This is something that is rediscovered, often met, but always aspired to with every project I have. Whilst writing I am aware that I'm in the front lines and understand the importance of staying there. But it all comes down to each individual situation, self-discipline, and the root of it all: Why do you write? and knowing how to power ourselves into each writing session and not put things off.

Naturally this is also true for reading relevant scripts and screenplays because an understanding of the craft and its experience is developed and strengthened with each script. The more we do and read, the more knowledge, experience, and understanding we will have: the better we will be able to apply ourselves and the more effective writer we will become.

It's about capitalising on the time we do have and potential we can reach.

5) Redefining Success

Success can be an elusive thing and complicated by low self-esteem, a lack of support or encouragement, and made worse by self-comparison with others, especially those currently in a desired professional position, or those with achievements, as well as competition with peers, friends and pressure from family.

But what can easily be forgotten in the midst of that is not only a personal enjoyment in our own work, learning and achievements, but that each professional or someone who has achieved something desirable all started somewhere - it didn't happen over night for them. Hard work day-to-day is the reason they are where they are today. It's important to remember that we are all on our own paths with different abilities, resources and time put in, and should stay true to that road.

When writing a script intended for the screen, success isn't getting it optioned, or seeing it on television, or on sale in a shop or website. Not for me, or for many other aspiring writers. It's nice to dream about that happening and it's motivating, but it's not a realistic achievement right now. It may be for a more experienced writer but that's something that he or she has put a lot of effort in to earn, and so rightfully, that is their next point of success. But for the rest of us it makes sense to start with small goals and achievements, and build momentum, learning, and confidence effectively.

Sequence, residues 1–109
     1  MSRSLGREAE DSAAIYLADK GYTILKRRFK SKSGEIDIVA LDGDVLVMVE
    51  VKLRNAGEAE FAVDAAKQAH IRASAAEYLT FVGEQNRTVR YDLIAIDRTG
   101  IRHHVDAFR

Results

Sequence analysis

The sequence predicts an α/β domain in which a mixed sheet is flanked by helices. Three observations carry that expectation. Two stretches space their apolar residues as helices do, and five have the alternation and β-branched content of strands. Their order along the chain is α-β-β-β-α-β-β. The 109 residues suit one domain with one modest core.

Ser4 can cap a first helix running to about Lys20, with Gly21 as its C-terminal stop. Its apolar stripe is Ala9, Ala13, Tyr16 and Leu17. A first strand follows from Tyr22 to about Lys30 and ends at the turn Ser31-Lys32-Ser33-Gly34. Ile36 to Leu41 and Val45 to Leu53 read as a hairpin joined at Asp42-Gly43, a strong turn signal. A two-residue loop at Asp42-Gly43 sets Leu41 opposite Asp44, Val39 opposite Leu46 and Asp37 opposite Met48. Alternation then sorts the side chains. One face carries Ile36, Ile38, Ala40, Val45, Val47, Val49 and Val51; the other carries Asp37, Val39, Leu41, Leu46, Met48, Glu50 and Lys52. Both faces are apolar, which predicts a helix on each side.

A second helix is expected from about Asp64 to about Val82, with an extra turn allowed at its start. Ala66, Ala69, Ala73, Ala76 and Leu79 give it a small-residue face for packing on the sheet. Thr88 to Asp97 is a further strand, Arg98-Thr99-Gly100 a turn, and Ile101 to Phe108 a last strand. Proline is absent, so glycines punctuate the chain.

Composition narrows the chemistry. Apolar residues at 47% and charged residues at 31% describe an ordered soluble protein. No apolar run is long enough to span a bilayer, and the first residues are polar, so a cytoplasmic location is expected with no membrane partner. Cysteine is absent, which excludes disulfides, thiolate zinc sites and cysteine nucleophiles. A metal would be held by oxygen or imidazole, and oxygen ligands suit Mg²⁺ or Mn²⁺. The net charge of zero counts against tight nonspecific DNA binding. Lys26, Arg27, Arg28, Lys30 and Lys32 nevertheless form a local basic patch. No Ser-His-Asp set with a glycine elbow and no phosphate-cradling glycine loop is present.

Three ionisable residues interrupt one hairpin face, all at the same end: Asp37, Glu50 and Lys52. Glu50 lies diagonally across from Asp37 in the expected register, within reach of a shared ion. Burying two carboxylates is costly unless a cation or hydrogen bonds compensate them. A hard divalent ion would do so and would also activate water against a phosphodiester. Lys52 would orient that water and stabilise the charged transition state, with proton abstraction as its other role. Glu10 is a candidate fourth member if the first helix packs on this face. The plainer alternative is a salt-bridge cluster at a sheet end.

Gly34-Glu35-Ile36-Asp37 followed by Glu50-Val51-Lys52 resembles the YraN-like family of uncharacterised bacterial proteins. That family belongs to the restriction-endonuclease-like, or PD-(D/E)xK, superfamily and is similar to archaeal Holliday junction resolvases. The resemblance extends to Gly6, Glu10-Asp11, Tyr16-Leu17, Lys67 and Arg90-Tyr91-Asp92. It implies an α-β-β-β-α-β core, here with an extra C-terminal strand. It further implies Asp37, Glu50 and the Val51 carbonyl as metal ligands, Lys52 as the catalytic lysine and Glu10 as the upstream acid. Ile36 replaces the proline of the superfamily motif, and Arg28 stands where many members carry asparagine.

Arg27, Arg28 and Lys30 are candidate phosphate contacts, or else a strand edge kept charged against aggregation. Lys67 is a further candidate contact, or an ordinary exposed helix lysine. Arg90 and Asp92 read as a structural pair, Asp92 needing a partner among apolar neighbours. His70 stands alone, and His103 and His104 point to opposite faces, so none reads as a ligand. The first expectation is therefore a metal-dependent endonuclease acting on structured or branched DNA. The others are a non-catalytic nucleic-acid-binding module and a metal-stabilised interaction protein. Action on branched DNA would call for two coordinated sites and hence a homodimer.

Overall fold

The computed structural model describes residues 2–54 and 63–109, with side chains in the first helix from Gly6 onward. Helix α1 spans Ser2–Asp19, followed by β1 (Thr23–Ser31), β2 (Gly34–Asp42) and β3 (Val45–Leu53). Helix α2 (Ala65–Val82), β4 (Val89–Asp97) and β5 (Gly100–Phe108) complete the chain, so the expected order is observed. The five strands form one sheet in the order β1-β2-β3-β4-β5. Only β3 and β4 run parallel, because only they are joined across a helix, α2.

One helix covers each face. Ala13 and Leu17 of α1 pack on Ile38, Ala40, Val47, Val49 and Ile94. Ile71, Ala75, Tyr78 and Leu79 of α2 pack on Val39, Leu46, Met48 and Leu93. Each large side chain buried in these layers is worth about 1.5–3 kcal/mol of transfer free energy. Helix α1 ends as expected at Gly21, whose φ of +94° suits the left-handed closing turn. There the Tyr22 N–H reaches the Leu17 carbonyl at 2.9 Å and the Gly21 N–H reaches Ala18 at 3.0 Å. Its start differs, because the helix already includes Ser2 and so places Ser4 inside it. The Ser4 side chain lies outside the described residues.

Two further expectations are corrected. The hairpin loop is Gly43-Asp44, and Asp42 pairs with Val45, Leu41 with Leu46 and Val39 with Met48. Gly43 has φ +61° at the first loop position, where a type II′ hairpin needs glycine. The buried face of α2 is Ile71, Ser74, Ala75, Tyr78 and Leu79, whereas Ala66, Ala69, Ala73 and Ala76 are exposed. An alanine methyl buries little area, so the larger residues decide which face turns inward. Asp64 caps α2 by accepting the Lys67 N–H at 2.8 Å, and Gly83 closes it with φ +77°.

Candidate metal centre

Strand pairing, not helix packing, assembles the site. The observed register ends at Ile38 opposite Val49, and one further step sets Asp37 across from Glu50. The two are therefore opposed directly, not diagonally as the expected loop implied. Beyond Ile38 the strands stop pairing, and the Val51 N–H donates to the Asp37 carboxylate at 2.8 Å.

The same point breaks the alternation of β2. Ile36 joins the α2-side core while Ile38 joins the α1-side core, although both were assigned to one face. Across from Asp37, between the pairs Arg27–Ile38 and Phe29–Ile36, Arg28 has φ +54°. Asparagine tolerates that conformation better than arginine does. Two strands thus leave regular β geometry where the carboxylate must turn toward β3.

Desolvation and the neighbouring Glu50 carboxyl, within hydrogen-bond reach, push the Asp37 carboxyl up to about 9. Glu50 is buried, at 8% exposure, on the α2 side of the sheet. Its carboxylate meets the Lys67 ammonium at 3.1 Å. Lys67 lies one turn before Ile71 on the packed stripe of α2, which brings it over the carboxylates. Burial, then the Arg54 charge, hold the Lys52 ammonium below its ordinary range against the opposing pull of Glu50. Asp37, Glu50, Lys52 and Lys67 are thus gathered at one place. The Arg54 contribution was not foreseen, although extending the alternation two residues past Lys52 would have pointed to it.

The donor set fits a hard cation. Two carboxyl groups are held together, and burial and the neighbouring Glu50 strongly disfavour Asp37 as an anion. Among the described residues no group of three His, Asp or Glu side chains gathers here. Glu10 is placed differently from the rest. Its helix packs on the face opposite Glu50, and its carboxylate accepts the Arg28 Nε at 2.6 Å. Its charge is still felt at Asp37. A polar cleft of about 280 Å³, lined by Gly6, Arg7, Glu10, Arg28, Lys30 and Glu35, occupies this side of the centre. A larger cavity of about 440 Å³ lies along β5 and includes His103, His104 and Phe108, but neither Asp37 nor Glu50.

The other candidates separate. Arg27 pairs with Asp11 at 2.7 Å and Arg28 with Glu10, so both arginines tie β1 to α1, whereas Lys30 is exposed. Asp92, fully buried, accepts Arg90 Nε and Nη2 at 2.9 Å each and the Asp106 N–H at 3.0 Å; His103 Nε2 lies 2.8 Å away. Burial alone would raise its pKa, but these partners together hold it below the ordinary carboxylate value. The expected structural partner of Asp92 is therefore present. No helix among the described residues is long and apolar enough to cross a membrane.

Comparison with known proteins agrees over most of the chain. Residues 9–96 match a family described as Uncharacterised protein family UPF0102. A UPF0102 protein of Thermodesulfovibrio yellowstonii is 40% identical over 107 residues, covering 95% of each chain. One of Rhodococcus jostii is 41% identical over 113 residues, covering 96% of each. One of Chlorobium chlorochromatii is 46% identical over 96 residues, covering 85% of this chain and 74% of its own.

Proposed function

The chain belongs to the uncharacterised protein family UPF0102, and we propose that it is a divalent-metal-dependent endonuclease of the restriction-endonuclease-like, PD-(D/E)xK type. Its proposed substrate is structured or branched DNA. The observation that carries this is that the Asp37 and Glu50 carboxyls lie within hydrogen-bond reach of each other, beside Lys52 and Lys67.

What is success?

The Evolving Scriptwriter

With this first draft and return to actual scriptwriting (this post is long overdue) it brought home the importance of breaking through these five barriers once and for all. At the time, it was frustrating that I still had some issues and unresolved problems in these areas but that made me even more determined to reach the next step by facing them.

But only through action can we achieve what we desire. Only through writing, reading and engaging with others can we grow into confident and effective writers. But it's best to be moving (writing, networking, collaborating, learning, etc.) and not feeling so confident, underdeveloped, and a little unsure about certain things than to be doing nothing at all, and standing still.

Above all, love what you do because happiness is the key to success.

Only forwards.

Tuesday, 7 June 2011

The Story Continues...

It's official.

I've not only moved blogs but have settled on a template, a look and even a title! There were many sleepless nights I can assure you. I'm rewarding myself now with some chocolate digestive biscuits and a cup of tea. Well earned.

If you're reading from a feed reader, or listening through the podcast, then come and pay the blog a visit and check out the new look in person. A picture (or podcast) are no substitute for experiencing the real thing!

You may have noticed the Twitter logo in the left hand corner. That's right. I'm now connected to the tweet network. Feel free to follow me and receive blog updates and whatever else is going on, or not going on. Hopefully I'll pick it all up in no time but if it takes me awhile, any tips?

You can also join the blog's new Facebook Fan Page to show your appreciation and interest; receive blog updates and comment on the posts themselves, spread the word and likes, or start a relevant scriptwriting, film, television or webseries discussion.

As a special treat here's a look into the future of blogging via Scriptwriter With A Cause. It makes me proud to see her in this cool and sexy new way:

Before getting carried away with the new blog, a moment of silence for the old one....

The Screenwriting Craft

(2006 - 2011)

It was fun. But it's time to develop and move on. That blog will now be an archive of my assignments and time at Bournemouth University on BA (Hons) Scriptwriting for Film & Television (2006 - 2009), and shortly after. However, it's not all doom and gloom as she can be seen and experienced in a whole new dynamic way too.

But enough with the style, it's time for some content...

Thanks for visiting and I hope you stay awhile.

Best wishes!

Popular Posts